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Scientific Names Week: Little Red Kaluta (Dasykaluta rosamondae)

Posted on May 2, 2009 by in Marsupials, Theme Weeks | 2 comments

Dasykaluta rosamondae

Number 0253

This little marsupial is widespread in the desert of northwestern Australia, where it likes to eat insects and small vertebrates. The young are born in November, and they’re old enough to mate by the time kaluta mating season rolls around the following September. Sadly, all males die shortly after the mating season, apparently from the stress of competing for females!

In this little guy’s Latin name, kaluta is an aboriginal word for the animal, and dasy means hairy. Rosamondae is in honor of Rosamund Clifford, a legendarily beautiful redhead of the 12th century. She was the mistress of Henry II from her teen years until shortly before her death, in a convent, in her 20s. Many tales have arisen about her over the years, the most persistent perhaps being that she was poisoned by Henry’s jealous wife, Eleanor of Aquitane. This is probably not true, but artists have long been intrigued by the story. Below is a painting by J.W. Waterhouse from 1905. See evil Eleanor poking her head through the curtains behind the unsuspecting Rosamund? She has followed Rosamund’s embroidery thread through a labyrinthine garden to find the king’s mistress in her secret castle.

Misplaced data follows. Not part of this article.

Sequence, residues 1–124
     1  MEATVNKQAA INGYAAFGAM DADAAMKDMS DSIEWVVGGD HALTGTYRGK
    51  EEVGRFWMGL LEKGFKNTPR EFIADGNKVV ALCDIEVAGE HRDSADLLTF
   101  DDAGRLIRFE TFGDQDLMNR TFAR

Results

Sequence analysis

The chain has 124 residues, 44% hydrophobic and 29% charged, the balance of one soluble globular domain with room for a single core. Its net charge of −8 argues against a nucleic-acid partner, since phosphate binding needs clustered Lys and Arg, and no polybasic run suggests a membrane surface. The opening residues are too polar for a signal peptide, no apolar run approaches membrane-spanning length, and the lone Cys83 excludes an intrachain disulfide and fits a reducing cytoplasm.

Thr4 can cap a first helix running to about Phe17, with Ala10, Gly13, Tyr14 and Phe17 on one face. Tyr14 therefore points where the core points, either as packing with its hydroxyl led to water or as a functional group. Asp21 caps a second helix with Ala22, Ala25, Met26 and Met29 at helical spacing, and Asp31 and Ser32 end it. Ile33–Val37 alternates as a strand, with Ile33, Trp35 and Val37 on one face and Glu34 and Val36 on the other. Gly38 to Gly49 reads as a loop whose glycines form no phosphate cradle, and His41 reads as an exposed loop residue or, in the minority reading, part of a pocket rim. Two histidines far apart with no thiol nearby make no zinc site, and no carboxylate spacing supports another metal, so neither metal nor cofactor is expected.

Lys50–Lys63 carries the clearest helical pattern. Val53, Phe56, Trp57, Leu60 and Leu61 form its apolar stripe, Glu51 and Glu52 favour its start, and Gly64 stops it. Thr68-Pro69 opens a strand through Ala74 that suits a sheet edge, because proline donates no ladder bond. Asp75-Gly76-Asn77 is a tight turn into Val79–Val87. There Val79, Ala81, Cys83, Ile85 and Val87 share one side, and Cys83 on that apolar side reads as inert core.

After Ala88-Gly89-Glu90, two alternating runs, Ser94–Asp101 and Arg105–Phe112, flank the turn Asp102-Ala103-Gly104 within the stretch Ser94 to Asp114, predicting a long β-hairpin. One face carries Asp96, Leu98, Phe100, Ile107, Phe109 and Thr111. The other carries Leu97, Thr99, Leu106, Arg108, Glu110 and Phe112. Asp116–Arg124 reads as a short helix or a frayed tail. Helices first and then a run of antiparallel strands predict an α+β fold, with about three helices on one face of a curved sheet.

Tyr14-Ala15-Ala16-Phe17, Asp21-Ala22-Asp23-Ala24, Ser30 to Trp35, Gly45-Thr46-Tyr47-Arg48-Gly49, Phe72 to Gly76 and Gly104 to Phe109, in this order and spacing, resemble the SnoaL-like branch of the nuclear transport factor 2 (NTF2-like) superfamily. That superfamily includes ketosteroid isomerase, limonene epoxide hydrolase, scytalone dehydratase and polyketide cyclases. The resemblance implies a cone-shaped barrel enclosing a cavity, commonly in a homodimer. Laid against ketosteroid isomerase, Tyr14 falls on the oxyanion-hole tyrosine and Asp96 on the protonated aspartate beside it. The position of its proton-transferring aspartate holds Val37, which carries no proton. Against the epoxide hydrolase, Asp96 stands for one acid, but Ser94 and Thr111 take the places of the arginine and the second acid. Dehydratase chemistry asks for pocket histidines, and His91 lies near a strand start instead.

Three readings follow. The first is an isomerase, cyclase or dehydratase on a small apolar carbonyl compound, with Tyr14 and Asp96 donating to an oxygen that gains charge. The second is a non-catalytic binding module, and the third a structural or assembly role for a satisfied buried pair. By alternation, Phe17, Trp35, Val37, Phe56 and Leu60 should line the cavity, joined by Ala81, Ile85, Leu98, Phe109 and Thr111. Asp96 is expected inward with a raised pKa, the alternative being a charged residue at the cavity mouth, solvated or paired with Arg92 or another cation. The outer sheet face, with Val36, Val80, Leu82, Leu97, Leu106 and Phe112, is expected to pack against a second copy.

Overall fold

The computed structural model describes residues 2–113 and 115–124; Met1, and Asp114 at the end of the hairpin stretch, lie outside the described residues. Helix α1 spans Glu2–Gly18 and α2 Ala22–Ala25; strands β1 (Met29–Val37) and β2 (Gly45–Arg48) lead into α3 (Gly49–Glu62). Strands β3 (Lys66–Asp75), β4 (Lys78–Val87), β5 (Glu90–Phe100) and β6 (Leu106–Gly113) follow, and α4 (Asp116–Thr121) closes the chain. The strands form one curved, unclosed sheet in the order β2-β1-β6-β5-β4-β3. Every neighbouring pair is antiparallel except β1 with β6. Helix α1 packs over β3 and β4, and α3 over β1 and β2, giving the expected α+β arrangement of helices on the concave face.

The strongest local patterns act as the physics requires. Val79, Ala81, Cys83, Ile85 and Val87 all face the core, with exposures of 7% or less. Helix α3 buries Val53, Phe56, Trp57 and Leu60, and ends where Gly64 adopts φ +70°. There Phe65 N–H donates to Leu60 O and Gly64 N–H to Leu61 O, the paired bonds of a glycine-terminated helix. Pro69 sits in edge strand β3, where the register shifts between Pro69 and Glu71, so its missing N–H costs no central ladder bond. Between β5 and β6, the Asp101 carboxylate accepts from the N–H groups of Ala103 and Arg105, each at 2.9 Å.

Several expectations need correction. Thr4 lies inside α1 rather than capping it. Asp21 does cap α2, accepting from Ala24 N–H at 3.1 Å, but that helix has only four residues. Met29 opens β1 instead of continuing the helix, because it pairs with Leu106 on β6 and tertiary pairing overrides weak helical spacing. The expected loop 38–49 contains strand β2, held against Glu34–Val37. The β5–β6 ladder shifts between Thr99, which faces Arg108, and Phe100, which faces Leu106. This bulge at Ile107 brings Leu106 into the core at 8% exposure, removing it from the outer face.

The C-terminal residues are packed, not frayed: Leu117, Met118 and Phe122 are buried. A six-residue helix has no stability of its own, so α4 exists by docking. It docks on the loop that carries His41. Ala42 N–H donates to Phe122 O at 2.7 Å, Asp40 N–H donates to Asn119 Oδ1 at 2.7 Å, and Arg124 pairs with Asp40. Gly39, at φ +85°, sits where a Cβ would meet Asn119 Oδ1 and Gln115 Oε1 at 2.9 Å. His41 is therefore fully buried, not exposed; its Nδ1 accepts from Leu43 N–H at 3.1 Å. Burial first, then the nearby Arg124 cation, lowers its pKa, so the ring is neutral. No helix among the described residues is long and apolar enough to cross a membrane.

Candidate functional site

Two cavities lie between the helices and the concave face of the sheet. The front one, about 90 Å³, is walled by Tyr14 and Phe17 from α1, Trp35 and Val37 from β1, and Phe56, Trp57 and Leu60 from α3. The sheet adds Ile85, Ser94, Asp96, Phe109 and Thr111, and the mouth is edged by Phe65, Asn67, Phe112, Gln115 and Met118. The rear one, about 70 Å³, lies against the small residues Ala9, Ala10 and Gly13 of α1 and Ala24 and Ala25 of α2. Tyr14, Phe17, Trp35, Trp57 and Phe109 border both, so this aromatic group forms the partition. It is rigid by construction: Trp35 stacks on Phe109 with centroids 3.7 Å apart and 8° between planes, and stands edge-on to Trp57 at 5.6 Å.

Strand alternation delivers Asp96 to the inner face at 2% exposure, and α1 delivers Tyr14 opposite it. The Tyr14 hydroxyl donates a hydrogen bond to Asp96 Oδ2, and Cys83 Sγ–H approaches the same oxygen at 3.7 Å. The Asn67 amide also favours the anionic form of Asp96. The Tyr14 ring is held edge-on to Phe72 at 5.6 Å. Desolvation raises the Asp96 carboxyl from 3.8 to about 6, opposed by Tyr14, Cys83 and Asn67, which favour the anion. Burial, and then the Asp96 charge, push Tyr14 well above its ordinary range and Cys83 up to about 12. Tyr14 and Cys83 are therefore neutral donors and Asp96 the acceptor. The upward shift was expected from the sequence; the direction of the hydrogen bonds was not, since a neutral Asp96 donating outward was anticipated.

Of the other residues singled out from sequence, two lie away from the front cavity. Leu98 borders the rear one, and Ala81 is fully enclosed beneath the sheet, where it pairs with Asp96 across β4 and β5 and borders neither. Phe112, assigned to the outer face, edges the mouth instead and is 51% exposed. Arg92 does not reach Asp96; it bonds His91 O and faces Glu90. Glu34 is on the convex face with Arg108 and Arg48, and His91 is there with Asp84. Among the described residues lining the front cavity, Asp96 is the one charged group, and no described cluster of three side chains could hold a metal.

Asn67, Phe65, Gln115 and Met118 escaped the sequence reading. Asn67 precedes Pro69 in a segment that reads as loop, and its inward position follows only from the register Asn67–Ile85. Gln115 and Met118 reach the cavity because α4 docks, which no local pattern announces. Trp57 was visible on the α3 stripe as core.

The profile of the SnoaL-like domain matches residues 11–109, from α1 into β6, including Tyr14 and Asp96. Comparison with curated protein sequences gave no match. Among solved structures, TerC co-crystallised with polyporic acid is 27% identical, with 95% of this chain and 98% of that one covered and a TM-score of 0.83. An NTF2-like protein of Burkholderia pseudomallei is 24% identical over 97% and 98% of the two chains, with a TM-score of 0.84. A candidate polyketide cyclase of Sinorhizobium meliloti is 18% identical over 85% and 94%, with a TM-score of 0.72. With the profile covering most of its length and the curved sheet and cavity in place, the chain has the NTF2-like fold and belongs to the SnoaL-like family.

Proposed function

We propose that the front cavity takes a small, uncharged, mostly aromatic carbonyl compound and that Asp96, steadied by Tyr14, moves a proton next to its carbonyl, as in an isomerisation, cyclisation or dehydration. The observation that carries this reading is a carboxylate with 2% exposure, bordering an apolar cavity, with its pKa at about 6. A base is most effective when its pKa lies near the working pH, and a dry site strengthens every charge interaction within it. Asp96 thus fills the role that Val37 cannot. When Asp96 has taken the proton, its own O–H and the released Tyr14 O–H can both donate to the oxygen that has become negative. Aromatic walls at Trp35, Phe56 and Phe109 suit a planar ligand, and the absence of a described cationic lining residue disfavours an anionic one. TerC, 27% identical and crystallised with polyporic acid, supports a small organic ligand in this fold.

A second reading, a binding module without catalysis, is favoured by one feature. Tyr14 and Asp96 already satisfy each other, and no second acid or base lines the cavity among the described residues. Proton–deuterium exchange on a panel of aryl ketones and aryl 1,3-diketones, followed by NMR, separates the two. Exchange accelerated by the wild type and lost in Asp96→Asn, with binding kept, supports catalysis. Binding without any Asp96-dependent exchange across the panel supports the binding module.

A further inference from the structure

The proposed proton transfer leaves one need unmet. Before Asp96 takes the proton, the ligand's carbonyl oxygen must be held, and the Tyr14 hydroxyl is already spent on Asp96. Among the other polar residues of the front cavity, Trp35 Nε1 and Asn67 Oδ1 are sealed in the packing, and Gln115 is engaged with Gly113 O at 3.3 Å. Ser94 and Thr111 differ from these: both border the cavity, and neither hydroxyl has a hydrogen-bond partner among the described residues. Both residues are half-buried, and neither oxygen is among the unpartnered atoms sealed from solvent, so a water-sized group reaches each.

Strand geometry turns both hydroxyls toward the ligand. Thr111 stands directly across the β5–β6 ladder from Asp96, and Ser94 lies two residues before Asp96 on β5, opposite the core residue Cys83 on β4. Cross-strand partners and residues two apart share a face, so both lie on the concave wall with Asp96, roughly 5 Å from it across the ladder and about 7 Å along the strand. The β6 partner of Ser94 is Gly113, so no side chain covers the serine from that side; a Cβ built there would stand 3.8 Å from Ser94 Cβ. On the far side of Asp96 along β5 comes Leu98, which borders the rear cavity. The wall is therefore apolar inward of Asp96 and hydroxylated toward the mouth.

Fair Rosamund by J.W. Waterhouse, 1905

Fair Rosamund by J.W. Waterhouse, 1905

Here’s another painting of the same scene. This one is from 1862 and was painted by Edward Coley Burne-Jones.

Fair Rosamund and Queen Eleanor by E.C. Burne-Jones, 1862

Fair Rosamund and Queen Eleanor by E.C. Burne-Jones, 1862

This beautiful striped rose was named for Rosamund Clifford, too.

Rosa Mundi (Rosa gallica versicolor) by Sebastian Crump

Rosa Mundi (Rosa gallica versicolor) by Sebastian Crump


  1. That’s fascinating. I am going to read all about her on Wikipedia.

  2. Isn’t it, Julia? I haven’t dug too deep, but there doesn’t seem to be a whole lot known about her for sure. Apparently, she met the king when he came through her father’s land in Wales. Can you imagine the conversation her parents had? “She’s only 15…but he’s the KING!”

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